Figure 1: Making cold molecules.

Regal et al.5 have succeeded in creating molecules in a mixture of cold gas atoms. The atoms exist in two different spin states (represented by red and blue dots) at a certain energy, but can be made to pair up through a Feshbach resonance. Varying the magnetic field applied to the system changes the energy of the resonance. When the resonance energy becomes the same as the energy level of the atomic mixture, colliding atoms can be converted to resonant-state molecules. As the resonance energy decreases further, the molecules finally arrive in a lower-energy state, lower than the atomic state by the amount of molecular binding energy.

Producing a molecular gas in this ultracold regime has proved to be a challenge. There have been several proposals to make molecules, and possibly a molecular Bose–Einstein condensate, by combining bosonic atoms in a Bose–Einstein condensate using a molecular resonance state6,7,8,9,10. Experiments have come tantalizingly close. Wynar et al.11 were the first to infer the formation of molecules nearly at rest, by observing the loss of condensed rubidium-87 atoms as they were photoassociated into molecules using a two-colour pulse of light. Donley et al.12 have also given evidence for coherent atom–molecule interconversion13,14 in experiments with a rubidium-85 condensate that involved manipulating the energy of a Feshbach-resonance state using a sequence of magnetic-field pulses. However, neither experiment could detect any molecules directly: the imaging methods used for atoms do not work for molecules, because they have very different light-scattering properties.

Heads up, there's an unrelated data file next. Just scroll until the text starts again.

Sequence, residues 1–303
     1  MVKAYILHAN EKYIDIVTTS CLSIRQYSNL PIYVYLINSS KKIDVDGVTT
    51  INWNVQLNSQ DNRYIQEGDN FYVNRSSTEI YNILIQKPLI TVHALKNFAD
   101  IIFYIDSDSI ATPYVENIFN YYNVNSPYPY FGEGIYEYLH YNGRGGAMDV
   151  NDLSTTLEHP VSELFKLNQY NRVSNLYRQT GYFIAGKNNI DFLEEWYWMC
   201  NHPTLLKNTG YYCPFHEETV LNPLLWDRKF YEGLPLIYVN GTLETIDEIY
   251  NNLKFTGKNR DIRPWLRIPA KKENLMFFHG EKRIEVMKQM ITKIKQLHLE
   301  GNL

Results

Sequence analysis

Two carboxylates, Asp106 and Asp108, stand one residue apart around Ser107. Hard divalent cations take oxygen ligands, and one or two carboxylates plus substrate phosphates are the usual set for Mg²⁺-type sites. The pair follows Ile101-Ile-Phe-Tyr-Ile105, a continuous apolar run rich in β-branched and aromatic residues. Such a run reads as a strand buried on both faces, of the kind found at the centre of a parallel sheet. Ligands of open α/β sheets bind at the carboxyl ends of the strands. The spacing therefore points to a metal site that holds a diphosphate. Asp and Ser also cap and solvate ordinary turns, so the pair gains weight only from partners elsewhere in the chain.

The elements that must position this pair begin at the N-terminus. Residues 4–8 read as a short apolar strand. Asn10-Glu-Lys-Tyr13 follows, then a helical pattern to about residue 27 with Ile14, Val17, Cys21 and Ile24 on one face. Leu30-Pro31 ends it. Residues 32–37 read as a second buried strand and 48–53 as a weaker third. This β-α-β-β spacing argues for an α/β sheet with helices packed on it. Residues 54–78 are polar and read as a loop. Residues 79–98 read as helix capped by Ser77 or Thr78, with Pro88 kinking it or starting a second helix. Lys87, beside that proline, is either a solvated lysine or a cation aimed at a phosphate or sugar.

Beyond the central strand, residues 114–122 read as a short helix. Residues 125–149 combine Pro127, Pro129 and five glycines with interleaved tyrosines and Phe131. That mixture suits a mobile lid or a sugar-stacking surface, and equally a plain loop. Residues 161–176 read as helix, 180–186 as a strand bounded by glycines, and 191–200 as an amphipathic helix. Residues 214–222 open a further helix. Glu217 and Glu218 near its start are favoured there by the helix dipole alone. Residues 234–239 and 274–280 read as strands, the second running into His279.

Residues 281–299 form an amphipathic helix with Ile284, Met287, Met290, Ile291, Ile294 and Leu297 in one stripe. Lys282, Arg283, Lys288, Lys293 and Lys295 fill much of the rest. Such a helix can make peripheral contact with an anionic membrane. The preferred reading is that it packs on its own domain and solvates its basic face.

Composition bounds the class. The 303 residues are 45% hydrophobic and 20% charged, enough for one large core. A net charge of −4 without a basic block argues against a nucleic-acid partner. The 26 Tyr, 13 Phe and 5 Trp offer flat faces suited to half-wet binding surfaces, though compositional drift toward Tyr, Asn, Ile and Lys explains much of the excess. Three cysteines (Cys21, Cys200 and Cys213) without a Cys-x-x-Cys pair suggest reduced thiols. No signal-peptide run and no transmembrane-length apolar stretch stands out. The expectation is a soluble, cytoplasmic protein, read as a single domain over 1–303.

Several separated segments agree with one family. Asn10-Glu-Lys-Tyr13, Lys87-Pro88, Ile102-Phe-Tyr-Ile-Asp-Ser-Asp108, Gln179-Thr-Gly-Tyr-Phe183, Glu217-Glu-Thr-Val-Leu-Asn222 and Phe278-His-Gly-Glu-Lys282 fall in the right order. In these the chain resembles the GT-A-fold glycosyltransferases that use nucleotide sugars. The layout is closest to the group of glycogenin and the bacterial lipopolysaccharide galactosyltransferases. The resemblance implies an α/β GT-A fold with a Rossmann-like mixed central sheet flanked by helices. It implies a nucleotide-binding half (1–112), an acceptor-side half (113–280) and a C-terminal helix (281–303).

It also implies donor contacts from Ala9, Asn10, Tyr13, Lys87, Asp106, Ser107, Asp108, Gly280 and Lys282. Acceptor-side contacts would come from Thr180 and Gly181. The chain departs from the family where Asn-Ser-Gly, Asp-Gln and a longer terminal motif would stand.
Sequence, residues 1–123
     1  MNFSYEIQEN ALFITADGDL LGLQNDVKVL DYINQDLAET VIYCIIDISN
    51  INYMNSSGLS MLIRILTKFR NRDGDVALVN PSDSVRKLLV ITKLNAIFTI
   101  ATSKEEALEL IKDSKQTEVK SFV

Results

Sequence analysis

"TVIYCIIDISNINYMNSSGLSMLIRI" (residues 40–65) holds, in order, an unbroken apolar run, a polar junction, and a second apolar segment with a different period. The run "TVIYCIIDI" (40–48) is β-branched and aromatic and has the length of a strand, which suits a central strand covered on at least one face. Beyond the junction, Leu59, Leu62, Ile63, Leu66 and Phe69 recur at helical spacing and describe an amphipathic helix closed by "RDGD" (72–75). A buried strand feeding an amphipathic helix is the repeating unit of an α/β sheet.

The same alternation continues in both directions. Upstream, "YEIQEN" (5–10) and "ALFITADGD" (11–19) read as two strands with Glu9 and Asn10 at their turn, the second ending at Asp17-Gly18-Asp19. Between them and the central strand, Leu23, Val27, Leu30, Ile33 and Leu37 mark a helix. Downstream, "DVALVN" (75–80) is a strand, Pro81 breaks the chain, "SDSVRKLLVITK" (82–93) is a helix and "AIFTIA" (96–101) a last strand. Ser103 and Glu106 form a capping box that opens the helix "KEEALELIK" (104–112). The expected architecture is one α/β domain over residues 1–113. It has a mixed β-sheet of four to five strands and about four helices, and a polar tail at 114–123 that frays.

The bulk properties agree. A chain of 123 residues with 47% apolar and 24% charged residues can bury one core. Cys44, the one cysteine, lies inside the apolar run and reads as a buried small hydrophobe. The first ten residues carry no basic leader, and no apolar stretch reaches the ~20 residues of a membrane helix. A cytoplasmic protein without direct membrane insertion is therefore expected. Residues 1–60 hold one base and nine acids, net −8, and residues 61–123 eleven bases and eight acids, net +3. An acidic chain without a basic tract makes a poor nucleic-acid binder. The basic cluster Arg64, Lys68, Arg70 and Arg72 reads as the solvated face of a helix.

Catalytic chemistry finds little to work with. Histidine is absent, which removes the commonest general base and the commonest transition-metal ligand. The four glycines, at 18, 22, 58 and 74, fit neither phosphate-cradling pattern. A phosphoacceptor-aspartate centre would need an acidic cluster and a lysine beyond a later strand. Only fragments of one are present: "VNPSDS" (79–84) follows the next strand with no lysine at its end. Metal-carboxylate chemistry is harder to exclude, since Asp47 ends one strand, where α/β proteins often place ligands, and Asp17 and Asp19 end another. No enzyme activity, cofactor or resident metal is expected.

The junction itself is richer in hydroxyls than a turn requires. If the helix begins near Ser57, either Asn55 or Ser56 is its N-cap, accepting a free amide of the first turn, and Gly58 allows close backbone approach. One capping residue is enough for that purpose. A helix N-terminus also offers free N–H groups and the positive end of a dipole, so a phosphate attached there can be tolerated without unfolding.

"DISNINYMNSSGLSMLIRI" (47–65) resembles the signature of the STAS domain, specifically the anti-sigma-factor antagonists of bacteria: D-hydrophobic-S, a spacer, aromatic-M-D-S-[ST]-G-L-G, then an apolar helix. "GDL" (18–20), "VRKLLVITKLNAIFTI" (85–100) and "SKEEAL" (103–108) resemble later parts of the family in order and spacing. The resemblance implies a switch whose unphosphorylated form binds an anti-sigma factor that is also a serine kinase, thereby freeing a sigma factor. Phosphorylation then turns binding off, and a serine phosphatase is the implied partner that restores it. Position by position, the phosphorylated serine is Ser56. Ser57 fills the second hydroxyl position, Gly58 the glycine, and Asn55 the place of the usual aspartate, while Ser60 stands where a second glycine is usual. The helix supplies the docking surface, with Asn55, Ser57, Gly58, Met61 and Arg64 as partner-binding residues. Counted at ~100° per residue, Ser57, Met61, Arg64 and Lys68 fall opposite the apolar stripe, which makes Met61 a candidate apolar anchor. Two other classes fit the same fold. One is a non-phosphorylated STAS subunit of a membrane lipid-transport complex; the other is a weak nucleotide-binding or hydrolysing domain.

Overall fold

Part of the beauty of the new work by Regal et al.5 is that they have conclusively demonstrated the presence of cold molecules. They exposed the molecules to a radio-frequency electromagnetic field of the right frequency to make them fall apart into single atoms with spin quantum numbers −9/2 and −7/2. It is quite easy to detect atoms in different spin states separately, and as there were no −7/2 atoms present in the original mixture (only −9/2 and −5/2), counting the number of such atoms determines the number of molecules that had been present. By measuring the response of the molecules to different field frequencies, Regal et al. were also able to measure the extremely small binding energy of the molecules — of the order of only a nanoelectronvolt, and in excellent agreement with calculations based on the known properties of low-energy collisions of potassium atoms.